Ah, I love the smell of TMA due dates in the morning.  It smells like … Desperation.

This morning’s desperation is caused by the due date of TU100’s TMA05, which requires input from others to complete.  I hear there’s actual collaborative work going on in TM129, so this isn’t as bad as that, but it’s still enough to have some rocking back and forth and drooling.

So what’s going on?  What’s the big deal?  As mentioned previously, TMA05 requires us to create a video (or audio) presentation.  This is enough to get under most people’s skins, but they probably should have been prepared for it.  The more insidious part is that we have to offer feedback on two other presentations, and we have to evaluate the feedback given on our own presentation.  Which means that we’re at the mercy of other students to complete the assignment.

I love the impossible position educators are put in with this type of thing.  There’s no way out of it for them.  It’s the Circle of Strife:

Huh.  I thought that would end up being a circle.  Okay, it’s the Linear Sequence of Strife.  Yes, it’s unfair.  Yes, your performance will end up partially based on what others around you do or don’t do.  Educators can choose to set you up for failure in the real world by either not including group work, or by including it but not marking you down for other people’s suckitude.  Or they can help you get used to it early.

So what are you supposed to do?  Well, learn how to cope.  Here are some coping mechanisms I’ve seen used both in schools and work:

  • The Apprentice
    • With the Apprentice mechanism, you don’t worry so much about the overall end result.  In fact, the brighter the flames are in which it goes up, the less attention will be drawn to you.  As we’ve all learned by leaving the TV on when this show comes on, the plan here is simply to look for the nearest bus, and figure out which of the people around you is lightest, and therefore easiest to throw under it.
  • The Ostrich
    • Ostriches don’t actually stick their head in the sand.  That doesn’t fit my narrative, however, so Imma ignore it, and pretend they do.  You can likewise just stick your head in the sand, ignore the fact that everybody else is doing as much on the project as Simon Cowell’s girdles are to fool anyone, and just get your part done.
  • The Atlas
    • Time to take the entire project on your shoulders, and hope you don’t get squished
  • Save the Cheerleader, Save the Project
    • You could just try to rally everybody else into doing their part.  Good luck.  We’re all behind you.

My personal mechanism is the Facilitator.  I get my part done as early as humanly possible, and hope that makes things a bit easier for everybody else.  If they’re not waiting on me, it’s one less excuse they can kick their legs up and rest on.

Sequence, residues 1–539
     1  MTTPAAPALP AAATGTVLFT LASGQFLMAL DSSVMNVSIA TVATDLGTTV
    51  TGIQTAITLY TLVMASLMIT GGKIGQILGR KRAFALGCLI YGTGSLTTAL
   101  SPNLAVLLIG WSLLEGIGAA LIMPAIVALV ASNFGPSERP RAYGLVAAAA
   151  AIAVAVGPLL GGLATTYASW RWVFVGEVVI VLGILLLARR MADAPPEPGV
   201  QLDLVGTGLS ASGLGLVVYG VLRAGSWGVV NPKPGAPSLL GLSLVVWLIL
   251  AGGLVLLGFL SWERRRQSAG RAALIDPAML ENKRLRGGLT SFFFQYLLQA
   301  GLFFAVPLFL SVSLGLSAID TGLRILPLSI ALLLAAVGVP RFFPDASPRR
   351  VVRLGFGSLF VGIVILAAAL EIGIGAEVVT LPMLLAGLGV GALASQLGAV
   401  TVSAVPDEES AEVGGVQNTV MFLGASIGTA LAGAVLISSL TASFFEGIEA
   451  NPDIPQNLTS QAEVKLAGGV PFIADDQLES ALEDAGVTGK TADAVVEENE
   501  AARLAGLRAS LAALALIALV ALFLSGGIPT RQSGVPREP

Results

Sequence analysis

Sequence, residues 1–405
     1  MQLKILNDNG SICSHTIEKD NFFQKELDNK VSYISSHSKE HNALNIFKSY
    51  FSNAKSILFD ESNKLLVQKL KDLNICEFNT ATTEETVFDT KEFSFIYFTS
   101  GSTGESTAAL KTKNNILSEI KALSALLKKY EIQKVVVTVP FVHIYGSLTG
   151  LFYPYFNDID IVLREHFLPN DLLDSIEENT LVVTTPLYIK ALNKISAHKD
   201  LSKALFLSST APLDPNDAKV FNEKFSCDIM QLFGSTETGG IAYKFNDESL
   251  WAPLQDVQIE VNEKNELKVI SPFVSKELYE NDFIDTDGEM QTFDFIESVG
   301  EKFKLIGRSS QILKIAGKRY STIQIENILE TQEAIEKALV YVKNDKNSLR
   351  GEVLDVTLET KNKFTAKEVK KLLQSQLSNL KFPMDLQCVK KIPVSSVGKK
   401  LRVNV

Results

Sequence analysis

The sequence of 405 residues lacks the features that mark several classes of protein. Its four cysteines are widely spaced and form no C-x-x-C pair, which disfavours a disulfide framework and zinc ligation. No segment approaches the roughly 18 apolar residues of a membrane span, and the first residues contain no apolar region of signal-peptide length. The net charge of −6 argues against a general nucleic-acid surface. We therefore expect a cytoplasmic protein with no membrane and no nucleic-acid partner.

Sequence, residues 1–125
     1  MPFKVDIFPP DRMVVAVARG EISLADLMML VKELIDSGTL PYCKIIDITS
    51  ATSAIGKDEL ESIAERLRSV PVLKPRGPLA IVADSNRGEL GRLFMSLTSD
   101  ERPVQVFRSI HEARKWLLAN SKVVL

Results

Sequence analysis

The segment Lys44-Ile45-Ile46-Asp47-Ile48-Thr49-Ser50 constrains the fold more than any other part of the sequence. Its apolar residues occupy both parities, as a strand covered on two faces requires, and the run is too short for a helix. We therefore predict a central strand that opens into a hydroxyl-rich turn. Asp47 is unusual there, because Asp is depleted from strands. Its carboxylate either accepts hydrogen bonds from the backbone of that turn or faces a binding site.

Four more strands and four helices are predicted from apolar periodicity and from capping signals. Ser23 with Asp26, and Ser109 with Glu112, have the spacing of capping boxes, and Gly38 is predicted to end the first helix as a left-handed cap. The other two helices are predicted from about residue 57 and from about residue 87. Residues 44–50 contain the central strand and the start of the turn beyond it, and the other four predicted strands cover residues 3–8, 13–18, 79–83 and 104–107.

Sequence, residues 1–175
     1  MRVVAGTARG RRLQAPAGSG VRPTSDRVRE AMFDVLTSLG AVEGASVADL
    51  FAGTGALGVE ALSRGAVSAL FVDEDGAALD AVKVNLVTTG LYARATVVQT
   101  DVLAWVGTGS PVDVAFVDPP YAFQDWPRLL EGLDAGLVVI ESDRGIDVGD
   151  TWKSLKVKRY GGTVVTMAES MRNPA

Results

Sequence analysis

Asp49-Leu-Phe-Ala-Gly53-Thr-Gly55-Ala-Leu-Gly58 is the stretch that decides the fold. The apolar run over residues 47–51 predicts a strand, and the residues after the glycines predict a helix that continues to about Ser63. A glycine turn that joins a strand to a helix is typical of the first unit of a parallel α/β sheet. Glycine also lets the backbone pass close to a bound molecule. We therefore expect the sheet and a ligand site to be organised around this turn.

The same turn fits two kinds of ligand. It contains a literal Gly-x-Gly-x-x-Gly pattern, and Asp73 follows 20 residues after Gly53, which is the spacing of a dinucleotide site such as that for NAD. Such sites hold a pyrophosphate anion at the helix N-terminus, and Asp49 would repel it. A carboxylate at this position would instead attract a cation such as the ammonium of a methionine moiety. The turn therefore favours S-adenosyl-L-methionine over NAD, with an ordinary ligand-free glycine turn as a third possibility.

In reality, you’re likely going to have to hope for the Tag Team.  This one holds out for the chance that there’s at least one other person on the project that’s in the same position.  Together, you start early, play the Cheerleader, take the whole thing on your shoulders, ignore what isn’t being done, and when all else (and the project) fails, you check your phone for bus schedules.

The Tag Team worked well for me this time.  I got the TMA in about two weeks ago after three or four of us all commented on each other’s presentations.  I’m expecting one or two points off for including a chart in landscape instead of portrait orientation, which someone has said got them marked down in a previous TMA, and probably two points off because my presentation expanded from the maximum allowed 90 seconds to 91 seconds when it was processed through the module’s transcoder.  So hopefully between 94 and 97 this time.  I’ll know in one or two weeks, and then I’ll post the presentation with my personal details scrubbed.

2017/3/31 Edit: I thought I’d have at least a week to redo my title page before posting up the presentation.  Nope!  I got my TMA back in just three days.  Clearly my tutor has gone a bit loopy from trying to get it all done so quickly, so I ended up with another generous full 100 marks.  I’ll take it!  As usual, it came with some great feedback for future reference.  I’ll discuss what the numbers look like now when I’m ready to move onto the de facto EMA.

This was my presentation.  As with the Shakespeare video linked above, that’s just my voice on the video, and not a speech synthesiser as was suggested in my feedback.  Heh.